Will the Synod on Synodality result in changes to established Church teaching?
The question has dogged the global consultative process, which is wrapping up the first of two Vatican assemblies this weekend. Despite organizers’ underscoring that doctrinal change is not the aim of the synod, members of the media have pushed a narrative that the Synod on Synodality could in fact lead to big changes in Church teaching. And reports from inside Paul VI Hall confirm that some members have indeed called for changes to established doctrine on matters like same-sex sexual relations and male-only holy orders.
But some participants may be using the synodal process to try to change something arguably even more fundamental: the way the Church determines its doctrine altogether.Grounded in a contested understanding of the Second Vatican Council, this approach arguably diminishes the teaching authority of bishops by making institutionalized consultation a primary and necessary criterion for decision-making — including decisions on Catholic doctrine.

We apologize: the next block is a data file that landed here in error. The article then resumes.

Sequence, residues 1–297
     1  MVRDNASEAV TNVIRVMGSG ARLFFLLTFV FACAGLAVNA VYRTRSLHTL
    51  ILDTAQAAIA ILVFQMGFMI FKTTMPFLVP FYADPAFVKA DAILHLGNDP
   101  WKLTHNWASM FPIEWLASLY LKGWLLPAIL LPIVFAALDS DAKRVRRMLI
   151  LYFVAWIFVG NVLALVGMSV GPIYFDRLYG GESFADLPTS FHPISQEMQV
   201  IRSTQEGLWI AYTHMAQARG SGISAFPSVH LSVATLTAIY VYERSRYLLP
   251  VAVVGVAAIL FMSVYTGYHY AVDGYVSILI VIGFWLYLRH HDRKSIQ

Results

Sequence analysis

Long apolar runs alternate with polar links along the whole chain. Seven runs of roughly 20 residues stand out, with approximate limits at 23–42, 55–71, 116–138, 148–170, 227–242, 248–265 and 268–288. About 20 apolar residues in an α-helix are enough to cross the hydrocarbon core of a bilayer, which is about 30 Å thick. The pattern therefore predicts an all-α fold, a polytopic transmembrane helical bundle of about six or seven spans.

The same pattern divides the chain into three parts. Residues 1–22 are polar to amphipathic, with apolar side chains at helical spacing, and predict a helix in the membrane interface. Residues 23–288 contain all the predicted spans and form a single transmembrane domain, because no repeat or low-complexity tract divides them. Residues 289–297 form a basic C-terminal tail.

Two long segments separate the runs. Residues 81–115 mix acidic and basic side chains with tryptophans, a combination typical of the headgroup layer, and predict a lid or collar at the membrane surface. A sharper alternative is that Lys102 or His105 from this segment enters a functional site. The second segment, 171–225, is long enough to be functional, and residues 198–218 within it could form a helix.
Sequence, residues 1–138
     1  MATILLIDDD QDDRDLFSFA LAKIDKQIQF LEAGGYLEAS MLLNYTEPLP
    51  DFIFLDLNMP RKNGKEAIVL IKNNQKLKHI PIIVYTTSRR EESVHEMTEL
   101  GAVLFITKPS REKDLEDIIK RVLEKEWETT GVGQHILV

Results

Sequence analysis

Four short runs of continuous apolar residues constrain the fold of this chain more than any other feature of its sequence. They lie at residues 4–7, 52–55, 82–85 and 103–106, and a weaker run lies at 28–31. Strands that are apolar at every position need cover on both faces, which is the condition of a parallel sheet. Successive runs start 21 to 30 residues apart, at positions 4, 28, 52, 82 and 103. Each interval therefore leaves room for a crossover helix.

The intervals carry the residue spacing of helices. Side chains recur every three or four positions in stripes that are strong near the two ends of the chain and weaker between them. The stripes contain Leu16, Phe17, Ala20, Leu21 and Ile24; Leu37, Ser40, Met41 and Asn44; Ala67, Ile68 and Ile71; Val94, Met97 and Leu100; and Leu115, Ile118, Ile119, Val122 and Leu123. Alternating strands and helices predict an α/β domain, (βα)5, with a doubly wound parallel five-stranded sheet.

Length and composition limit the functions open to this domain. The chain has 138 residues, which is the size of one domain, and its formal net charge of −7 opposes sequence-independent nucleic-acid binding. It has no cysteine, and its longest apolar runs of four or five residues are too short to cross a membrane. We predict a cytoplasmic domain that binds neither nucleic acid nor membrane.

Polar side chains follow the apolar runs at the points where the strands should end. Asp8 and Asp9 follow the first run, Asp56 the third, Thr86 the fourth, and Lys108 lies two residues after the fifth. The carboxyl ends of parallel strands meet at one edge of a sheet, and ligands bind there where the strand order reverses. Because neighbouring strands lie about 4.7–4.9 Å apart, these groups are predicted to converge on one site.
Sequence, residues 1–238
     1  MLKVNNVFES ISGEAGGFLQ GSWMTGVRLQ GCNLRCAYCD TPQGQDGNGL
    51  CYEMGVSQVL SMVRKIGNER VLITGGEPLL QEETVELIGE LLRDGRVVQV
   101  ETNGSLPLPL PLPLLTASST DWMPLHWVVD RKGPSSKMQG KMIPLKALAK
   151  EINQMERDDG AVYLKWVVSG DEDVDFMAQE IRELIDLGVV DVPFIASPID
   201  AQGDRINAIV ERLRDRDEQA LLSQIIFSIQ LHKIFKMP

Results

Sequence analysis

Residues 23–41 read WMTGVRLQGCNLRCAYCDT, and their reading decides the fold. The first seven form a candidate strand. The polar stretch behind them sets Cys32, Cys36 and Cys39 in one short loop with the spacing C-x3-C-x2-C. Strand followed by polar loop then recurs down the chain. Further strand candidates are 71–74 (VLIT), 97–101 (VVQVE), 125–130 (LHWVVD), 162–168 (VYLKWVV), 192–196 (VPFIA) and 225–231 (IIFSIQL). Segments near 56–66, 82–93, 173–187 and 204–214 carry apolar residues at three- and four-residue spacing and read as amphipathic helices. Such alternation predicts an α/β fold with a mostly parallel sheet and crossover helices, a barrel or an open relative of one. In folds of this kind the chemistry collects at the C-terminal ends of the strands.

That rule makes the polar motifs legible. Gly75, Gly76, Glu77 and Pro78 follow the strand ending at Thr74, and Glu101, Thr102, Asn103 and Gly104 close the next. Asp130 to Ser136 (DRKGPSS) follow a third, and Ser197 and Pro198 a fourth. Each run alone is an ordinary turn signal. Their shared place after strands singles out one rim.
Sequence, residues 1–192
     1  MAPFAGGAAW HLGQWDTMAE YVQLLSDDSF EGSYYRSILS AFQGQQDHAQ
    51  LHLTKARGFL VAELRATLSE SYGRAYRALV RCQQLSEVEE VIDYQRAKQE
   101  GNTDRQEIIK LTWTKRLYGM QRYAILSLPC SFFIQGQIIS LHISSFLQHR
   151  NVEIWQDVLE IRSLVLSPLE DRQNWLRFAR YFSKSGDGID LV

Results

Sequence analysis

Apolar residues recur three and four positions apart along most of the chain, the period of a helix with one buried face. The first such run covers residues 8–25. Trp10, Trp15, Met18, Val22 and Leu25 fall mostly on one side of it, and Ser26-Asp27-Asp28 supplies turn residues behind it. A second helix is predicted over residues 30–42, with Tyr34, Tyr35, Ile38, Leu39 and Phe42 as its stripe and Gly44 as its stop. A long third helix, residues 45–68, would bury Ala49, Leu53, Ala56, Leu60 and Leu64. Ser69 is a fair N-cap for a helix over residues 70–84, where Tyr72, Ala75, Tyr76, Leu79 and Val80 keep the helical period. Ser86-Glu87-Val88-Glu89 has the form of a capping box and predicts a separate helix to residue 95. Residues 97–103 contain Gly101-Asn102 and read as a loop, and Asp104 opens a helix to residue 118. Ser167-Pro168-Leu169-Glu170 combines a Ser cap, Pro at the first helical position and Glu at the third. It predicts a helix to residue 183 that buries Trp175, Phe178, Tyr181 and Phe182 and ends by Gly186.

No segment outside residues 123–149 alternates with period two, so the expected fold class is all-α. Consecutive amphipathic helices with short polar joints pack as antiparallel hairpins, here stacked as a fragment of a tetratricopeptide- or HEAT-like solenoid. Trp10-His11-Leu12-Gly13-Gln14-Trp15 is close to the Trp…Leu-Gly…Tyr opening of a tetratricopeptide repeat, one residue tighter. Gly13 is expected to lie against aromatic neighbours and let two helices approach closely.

Changing Church structures, a topic of discussion at the Synod on Synodality, is considered a vital step for securing this objective. It’s an approach that has been identified by some of its proponents as a possible blueprint for attempting to change established teaching — including doctrine related to ordination and human sexuality. And within the synod assembly this October, some Synod on Synodality participants, including key theological advisers, have been advocating for it.
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